Over the last few years, particularly since the COVID-19 pandemic, healthcare providers and payers have faced significant changes. Not only are there more claims and more medical services required by patients, but also there are fewer medical health professionals, which adds to the stress on the system.
At the same time, security breaches have directly impacted patients and payers. Adding to the issues are mistakes in medical coding, which are typically a direct result of human error. These issues create challenges for the entire healthcare system and often cause delays in payment, distorted payments, and bottlenecks in the claims process.
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The Current State of Healthcare Risk Management
Healthcare systems are not without risk management strategies. The issue is more about the focus of healthcare risk management. In the past, this focus has been directed to protecting providers by improving the patient experience and reducing the number of medical errors. These two factors combine to limit the liability for the provider, which is an important consideration.
Today, both providers and payers must also focus on revenue cycle and risk management that apply to their financial operations as well as patient care and service.
According to ASHRM (American Society for Health Care Risk Management), there are eight areas where risk management is crucial. Known as Healthcare Enterprise Risk Management or Healthcare ERM, these eight sectors are equally important in minimizing risk to healthcare organizations.
Operational risk includes staffing, supply chain issues, and the ability to manage internal processes effectively. Closely linked to this is patient and clinical safety, including medication and treatment errors and disease and conditions acquired by patients while in a healthcare setting.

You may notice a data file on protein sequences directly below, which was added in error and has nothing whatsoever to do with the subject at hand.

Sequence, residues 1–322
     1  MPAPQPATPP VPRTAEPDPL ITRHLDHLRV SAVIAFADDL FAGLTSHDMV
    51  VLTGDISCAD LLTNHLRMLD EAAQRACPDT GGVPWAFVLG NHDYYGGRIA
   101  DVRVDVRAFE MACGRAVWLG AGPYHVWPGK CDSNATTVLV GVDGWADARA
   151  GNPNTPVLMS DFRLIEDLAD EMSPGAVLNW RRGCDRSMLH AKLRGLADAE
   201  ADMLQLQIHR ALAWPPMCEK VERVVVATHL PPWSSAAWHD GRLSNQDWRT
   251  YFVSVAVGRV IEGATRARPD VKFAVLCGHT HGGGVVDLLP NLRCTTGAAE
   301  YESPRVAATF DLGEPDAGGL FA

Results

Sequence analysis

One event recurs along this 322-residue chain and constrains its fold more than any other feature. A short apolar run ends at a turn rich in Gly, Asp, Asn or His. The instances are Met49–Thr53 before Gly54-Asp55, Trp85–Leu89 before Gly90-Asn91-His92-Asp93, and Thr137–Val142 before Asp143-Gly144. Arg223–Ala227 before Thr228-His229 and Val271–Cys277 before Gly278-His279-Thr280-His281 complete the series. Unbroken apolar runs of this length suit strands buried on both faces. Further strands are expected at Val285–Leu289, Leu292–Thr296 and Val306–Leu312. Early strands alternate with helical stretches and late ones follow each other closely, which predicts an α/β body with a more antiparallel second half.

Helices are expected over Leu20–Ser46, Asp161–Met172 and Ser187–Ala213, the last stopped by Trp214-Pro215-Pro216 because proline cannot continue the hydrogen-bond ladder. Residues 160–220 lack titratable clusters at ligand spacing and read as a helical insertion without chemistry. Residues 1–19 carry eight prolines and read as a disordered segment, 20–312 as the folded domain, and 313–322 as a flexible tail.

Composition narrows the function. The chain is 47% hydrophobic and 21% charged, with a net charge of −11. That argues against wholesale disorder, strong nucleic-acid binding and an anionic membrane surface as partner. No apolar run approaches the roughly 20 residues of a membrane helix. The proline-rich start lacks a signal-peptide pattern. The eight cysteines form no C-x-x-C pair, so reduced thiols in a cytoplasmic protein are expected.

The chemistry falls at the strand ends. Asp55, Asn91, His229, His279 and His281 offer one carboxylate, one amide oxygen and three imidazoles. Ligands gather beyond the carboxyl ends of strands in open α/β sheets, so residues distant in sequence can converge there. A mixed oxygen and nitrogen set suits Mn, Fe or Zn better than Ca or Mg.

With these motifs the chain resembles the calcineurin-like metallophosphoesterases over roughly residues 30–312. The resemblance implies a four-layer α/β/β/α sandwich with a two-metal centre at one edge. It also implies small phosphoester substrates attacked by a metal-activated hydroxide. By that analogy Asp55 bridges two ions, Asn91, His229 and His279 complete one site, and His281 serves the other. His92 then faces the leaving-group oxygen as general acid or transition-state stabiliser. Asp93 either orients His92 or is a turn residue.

Joint ventures, partnerships, advertising, and planning the direction of a healthcare organization fall under the strategic risk umbrella. Financial risk includes claim reimbursement rate, external capital acquisition, and the growth of the organization.
Human capital is always critical. This area of ERM includes all aspects of employment, from recruiting to managing all human resource issues and policy compliance. In addition to compliance in human capital, the legal and regulatory risks in healthcare can be significant. These factors involve mandatory regulations at the local, state, and federal levels as well as licensure, accreditation, and the risk of fraud.
Technology is increasingly a factor in all healthcare settings. This includes electronic health records, clinical management, billing, accounts receivable, and training programs can all pose a risk. Social media is another technology risk that healthcare organizations must manage.
The final sector is focused on hazards that impact the assets and infrastructure of the healthcare system. This could include natural disasters that impact the functioning of the facility to physical structures that are old and failing.
The Challenge of Medical Coding and Risk Management
Although the eight sectors identified by ASHRM are not specific to medical coding and are more related to healthcare providers, there are areas of overlap. The use of technology in medical coding and the transmission of data between payers and providers creates a potential for risk.
In addition, slow or delayed processing of claims or inaccuracies in processing medical claims have a direct impact on the patient experience with the provider. When these errors occur, even though they are usually not intentional or fraudulent, they still create additional time and inefficiencies for the provider. The provider must work with the payer to first identify the mistake, appeal the claim, and then wait for the claim appeal to be reviewed and the correct reimbursement provided.
This is not an occasional issue for most healthcare systems. In a study supported by the Centers for Medicare and Medicaid Services, inadequate coding of claims data was determined to be a foundational component in payment to healthcare systems. This creates a risk management concern that links medical coding mistakes with delayed payments.
One of the most effective ways to address medical coding risk management for both providers and payers is to outsource medical coding to a dedicated, third-party service. This service should be specialized in the healthcare industry and should implement the latest in technology and risk management strategies to reduce human error while increasing claims processing, accuracy, and claims data administration efficiency.